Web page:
My taking, in alignment with Polkinghorne, is that the new heavens and the new earth will, if it is consistent with Christ’s Resurrection, be something completely new in every sense of the word.  I don’t think it will be a recycling of the old universe (as might happen in a “big bounce” theory of the universe as it collapses in on itself, it will “bounce” back out again to start up a new universe).  I believe that in the new transformed cosmos, God will create something new, with new physical laws and a possible reversal (or elimination?) of the second law of thermodynamics that will eliminate the effects of entropy.  Will that mean that there will be no oxygen in this new cosmos for living organisms to breath in?  Most likely, since it is oxidation that causes things to rust, decay, and destroys cells over time.  It would be reasonable to assume that our bodies and the new cosmos will most likely be made from some different arrangement of atoms and or from totally new forms of elements that will not be subject to entropy and henceforth a totally new form of (resurrected) biology and physics.  Again, it is very difficult to speculate on how a new cosmos will be like with our incomplete understanding of physics, quantum mechanics, particle physics, and other sciences, or just knowledge in general.

 

 

Another option is the possibility that this reality or cosmos will be transformed into a purely digital form, as in the arrangement and coding of information in a computer, thereby it won’t be subject to physical limitations and impediments.  There are some theories in both philosophy and science that say that we are living in a computer simulation (the philosopher Nick Bostrom being one of the foremost pioneers in this thought); if so, perhaps there’s a massive upgrade or new patch that happens within the universe (or cosmic computer) by God that reprograms or reboots the entire simulated universe into something new.  Or perhaps everything (our physical reality) becomes digital and our consciousness gets downloaded into new resurrected digital avatar bodies that won’t have to worry about decay, death, disease, etc. – aka a “digital” or simulated immortality if you will.  The speculations on this range far and wide.

 

I believe a new creation that persisted on only in God’s memory would somewhat “cheapen” creation and God’s glory in many ways and relegate everything to mere sentimentalities. I believe that it would mean that God would only have cared about immaterial souls and bore a dislike of materiality, something that goes against the biblical witness in practically every level.   Of course, God can do anything he wants – he can even choose to do absolutely nothing after the universe’s death- but then it would make everything seem like an endless waste and as Ted Peters emphasized in the beginning of this section, “[T]hen we would have proof that our faith has been in vain.  It would turn out that there is no God, at least not the God in whom followers of Jesus have put their faith.”  If we are to believe in the Resurrection of Jesus Christ as believers, then we have the hope that what has happened to Christ will be promised to us and that our faith was not in vain as the Apostle Paul states in 1 Cor 15: 13-15 and 1 Thes 4:14: “For since we believe that Jesus died and rose again, we also believe that God will bring with Jesus those who have fallen asleep in Him.”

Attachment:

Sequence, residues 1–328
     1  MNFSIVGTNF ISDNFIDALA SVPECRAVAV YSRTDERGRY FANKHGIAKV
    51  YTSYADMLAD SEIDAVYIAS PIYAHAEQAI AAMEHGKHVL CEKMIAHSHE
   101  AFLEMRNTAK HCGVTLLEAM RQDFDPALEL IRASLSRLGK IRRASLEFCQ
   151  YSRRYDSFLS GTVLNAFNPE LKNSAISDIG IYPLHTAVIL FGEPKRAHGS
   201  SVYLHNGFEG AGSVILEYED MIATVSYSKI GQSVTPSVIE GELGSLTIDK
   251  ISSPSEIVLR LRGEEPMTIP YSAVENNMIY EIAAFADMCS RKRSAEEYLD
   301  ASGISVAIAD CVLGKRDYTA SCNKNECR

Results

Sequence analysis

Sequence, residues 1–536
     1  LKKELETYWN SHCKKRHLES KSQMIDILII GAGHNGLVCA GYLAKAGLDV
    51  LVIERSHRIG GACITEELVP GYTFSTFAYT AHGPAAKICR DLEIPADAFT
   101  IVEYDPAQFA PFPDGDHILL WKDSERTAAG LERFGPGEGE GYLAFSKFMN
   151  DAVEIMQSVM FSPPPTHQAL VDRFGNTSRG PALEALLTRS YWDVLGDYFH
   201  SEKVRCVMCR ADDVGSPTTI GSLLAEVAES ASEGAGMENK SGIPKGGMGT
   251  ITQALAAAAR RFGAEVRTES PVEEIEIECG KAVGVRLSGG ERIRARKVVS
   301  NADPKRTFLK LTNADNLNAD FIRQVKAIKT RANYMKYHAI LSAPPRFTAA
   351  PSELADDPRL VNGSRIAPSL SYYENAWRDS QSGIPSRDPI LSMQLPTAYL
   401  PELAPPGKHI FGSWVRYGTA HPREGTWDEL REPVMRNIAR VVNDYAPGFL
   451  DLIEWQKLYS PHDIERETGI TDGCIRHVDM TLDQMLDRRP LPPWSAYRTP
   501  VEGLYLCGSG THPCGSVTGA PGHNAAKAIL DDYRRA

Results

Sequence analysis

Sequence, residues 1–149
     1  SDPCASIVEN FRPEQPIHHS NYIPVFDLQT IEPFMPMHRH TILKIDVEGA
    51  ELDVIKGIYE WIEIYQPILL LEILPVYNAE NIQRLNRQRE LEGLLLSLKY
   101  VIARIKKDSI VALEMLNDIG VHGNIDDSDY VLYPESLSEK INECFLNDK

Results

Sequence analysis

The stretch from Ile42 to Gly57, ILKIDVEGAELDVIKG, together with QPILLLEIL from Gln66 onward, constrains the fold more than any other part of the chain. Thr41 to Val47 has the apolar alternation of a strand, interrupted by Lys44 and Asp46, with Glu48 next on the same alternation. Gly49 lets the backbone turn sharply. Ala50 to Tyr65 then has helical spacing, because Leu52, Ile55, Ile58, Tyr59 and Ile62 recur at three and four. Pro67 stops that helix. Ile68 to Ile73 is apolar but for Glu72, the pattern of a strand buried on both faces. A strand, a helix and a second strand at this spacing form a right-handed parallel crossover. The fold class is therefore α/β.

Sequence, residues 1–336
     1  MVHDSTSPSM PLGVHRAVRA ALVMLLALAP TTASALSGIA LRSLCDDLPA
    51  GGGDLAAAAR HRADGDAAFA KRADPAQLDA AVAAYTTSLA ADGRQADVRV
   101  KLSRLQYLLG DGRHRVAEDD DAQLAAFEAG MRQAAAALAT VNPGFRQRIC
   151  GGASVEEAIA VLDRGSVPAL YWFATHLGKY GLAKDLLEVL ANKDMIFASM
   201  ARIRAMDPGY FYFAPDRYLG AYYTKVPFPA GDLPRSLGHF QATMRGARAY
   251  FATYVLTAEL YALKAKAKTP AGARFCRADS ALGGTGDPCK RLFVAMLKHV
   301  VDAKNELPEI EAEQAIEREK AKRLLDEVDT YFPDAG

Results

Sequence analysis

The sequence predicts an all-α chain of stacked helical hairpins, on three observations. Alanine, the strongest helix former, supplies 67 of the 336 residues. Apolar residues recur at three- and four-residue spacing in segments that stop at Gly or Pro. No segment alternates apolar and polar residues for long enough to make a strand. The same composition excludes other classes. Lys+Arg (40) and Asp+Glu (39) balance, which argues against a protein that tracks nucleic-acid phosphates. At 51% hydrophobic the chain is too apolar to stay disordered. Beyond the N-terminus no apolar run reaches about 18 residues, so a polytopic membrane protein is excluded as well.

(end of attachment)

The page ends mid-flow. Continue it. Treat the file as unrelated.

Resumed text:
In Revelation 21:5, John sees a vision of Jesus sitting on the throne in heaven saying, “Behold, I am making all things new.”  This is the essence and hope of the Christian faith.  A hope that God, in and through Jesus Christ, will, in the end of all things, “wipe every tear from their eyes.  There will be no more death or mourning or crying or pain, for the old order of things has passed away.”  (Rev. 21:4)  The theologian Wolfhart Pannenberg described Jesus’ Resurrection event as the future breaking into the present. In the Resurrected Christ, God gives us a glimpse of what the future holds for us.  It is not a resuscitation of old matter being invigorated again, only to decay and wither once again, but a completely new unimaginable reality – a never-ending and everlasting one.  Reading and then contemplating upon the first half of this chapter about the new cosmos and eschatology has reinvigorated my faith in God in many respects in spite of how sullen, melancholy, skeptical, and cynical my faith can get in many respects.  I am reminded of how Christian eschatology, when properly understood, is one of the most hopeful, loving, and redeeming notions ever conceived.  It is true that other religions have similar eschatologies of the resurrection of the dead (like the ancient Egyptians did) and beliefs about the destruction and rebirth of the universe (such as Hinduism and Buddhism have), but none give such hope as the Christian message has I believe.  Perhaps it is this hope that keeps me believing in God and the person of Jesus Christ.  If all what the Bible says is true about the new cosmos, how wonderful must it be!  “’What no eye has seen, what no ear has heard, and what no human mind has conceived’ – the things God has prepared for those who live him.”  – 1 Cor 2:9